Thinking back to the birth of his first son, theology professor Randall Woodard reflects on what matters most as we prepare for Christmas – and journey through life.

By Dr. Randall Woodard,

Assistant Professor of Theology and Religion

When my oldest son was born (he's now 15!) I was in graduate school and had no money at all.

In fact, money was so tight that a friend of mine found a crib on the side of the road and decided to pick it up for me, knowing how financially embarrassed I was at the time. It was somewhat humiliating, but Danny slept in that crib in the one-bedroom apartment for the first two years of his life.

At the exact same time, several friends were also expecting and it was fun to prepare for parenthood together. It wasn't long before I noticed a very stark contrast between my experience of expecting the birth of a child and that of my friends.

Granted, all of us were stressed and uncertain about the transition that the birth of a child brings to one's life. However, because I had no money to renovate a child's room, shop for all sorts of "must have" baby items and worry about a lot of busy, expensive things that didn't matter later on, I found that I was really able to focus on the birth of this beautiful child and the wonderful difference he would make in my life.

To-do lists obscure the season 

Fifteen years are now gone and I do find myself overwhelmed a lot.

The Christmas tree has now been up for a week with no decorations, the house is dirty, Christmas shopping is not done, final exams are just barely graded, planning for courses I'm teaching and one I'm taking in the spring has begun and my nights are spent chauffeuring three kids to soccer, gymnastics and ballet interrupted nightly by below-average slow cooker meals.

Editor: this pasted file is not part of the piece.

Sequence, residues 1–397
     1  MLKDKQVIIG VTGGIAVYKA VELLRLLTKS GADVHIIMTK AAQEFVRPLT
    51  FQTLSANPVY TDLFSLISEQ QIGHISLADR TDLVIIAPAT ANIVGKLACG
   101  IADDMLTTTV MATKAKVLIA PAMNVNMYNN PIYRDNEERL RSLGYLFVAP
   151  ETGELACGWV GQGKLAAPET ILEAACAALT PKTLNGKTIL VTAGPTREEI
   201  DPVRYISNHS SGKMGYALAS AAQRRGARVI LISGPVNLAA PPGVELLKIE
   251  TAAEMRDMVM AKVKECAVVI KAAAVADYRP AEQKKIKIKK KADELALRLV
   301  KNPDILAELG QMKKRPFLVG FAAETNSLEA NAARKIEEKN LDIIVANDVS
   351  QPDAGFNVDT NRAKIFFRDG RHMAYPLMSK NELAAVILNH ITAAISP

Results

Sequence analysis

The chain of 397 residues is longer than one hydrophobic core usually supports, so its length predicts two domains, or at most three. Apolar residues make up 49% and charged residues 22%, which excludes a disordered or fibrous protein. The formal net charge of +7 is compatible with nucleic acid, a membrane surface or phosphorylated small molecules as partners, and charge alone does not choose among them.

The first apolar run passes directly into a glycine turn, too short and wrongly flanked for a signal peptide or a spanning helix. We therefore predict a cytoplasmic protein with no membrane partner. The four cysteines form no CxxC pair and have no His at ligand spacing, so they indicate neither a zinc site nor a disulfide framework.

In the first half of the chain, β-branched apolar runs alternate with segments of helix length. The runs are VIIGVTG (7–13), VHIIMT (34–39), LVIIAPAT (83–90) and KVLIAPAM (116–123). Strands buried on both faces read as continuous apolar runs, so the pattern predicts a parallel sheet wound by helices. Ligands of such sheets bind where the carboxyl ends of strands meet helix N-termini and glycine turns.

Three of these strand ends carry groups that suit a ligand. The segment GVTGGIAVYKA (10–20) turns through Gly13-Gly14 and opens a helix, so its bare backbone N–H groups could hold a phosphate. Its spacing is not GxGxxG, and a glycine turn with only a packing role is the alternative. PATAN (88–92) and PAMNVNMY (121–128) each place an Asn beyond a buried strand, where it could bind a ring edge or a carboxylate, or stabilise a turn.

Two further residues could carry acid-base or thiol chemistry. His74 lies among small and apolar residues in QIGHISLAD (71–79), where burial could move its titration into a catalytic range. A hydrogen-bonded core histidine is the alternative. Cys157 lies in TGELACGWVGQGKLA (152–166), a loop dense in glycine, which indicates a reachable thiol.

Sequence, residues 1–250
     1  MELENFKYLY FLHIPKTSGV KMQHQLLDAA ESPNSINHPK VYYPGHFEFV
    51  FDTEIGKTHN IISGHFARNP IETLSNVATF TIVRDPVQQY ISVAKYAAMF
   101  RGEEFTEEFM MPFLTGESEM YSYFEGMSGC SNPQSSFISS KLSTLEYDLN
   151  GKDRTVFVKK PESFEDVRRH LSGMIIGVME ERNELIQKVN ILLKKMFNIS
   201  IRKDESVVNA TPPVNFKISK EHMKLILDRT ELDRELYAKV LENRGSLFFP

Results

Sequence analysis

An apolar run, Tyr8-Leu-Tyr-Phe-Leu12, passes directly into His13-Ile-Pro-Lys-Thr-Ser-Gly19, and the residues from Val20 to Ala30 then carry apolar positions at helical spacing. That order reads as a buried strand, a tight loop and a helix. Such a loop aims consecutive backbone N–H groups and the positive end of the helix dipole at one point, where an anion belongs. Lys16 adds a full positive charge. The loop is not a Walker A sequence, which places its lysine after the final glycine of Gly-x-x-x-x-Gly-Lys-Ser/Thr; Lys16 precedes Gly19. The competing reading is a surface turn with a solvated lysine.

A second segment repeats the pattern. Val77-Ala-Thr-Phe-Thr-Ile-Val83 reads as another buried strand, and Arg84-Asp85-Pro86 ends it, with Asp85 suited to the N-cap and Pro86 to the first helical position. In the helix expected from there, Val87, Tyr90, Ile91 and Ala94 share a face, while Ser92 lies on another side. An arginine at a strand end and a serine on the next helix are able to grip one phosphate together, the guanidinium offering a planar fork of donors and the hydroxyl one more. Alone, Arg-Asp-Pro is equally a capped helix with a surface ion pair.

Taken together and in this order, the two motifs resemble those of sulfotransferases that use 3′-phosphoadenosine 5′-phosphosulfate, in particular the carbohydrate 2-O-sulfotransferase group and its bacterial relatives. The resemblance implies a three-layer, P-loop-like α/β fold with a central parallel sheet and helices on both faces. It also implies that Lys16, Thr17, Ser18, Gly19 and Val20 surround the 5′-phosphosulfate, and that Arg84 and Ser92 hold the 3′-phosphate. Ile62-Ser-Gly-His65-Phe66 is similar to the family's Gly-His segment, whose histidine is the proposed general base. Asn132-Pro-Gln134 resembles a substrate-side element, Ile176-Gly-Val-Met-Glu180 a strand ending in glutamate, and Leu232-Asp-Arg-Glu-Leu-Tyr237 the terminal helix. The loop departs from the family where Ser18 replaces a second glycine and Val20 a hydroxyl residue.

This past Sunday Catholics celebrated the third Sunday of Lent – known as Gaudete Sunday – a day of joy because the birth of the Savior is so near. It gave me a real wake-up call.

I looked at my watch during the sermon and could not believe that it was already December 14th! Ten days before Christmas Eve!

Then it hit me.

Because of the lack of simplicity in my life I had fallen into the trap this year that I had avoided with the birth of my own son over 15 years ago.

Rather than being properly prepared for the birth of a child – this time the Incarnation of the child Jesus into human history and the wonderful difference He can make in my life – like times before, I had allowed the busyness, the "must-haves," and the pace of the world we live in to distract me from the clarity I really only had when I was poor.

The insight that this is all really about the birth of a child had been hidden behind a to-do list that had blinded me to the beauty, simplicity and goodness found in that stable in Bethlehem.

Refocusing on simplicity

I would imagine that the students and faculty who may read this post can relate to the difficulty faced in the attempt to balance family, work and school. It's so easy for to-do lists and busyness to blind us to the simple things that truly matter – especially this time of year.

But it doesn't have to be that way.

As with the birth of my son 15 years ago –focusing solely on his birth and the difference he would make in my life – I want to simplify my focus on the birth of God's Son, and the everlasting difference He will make in my life.

With one week until Christmas, it's not too late for me, or any of us, to do that.

By prioritizing our time and our attention, when Christmas does arrive, it can be met by a real preparation for the birth of the Messiah and a profound appreciation for the passionate love of God that was demonstrated by the birth of this child.

And that refocus on what matters most in life – on simplicity – is a gift we can all take in to the New Year.

I wish a very Merry and restful Christmas to you all! 

How do you keep your priorities and life balance during the Christmas season?

Randall Woodard has been teaching in the Department of Philosophy, Theology and Religion at Saint Leo University for the past six years and loves the student-centered teaching environment and passion for learning that he finds at Saint Leo. Outside of the classroom, he serves as a taxi driver, maid and 1.5 star chef to his three wonderful kids.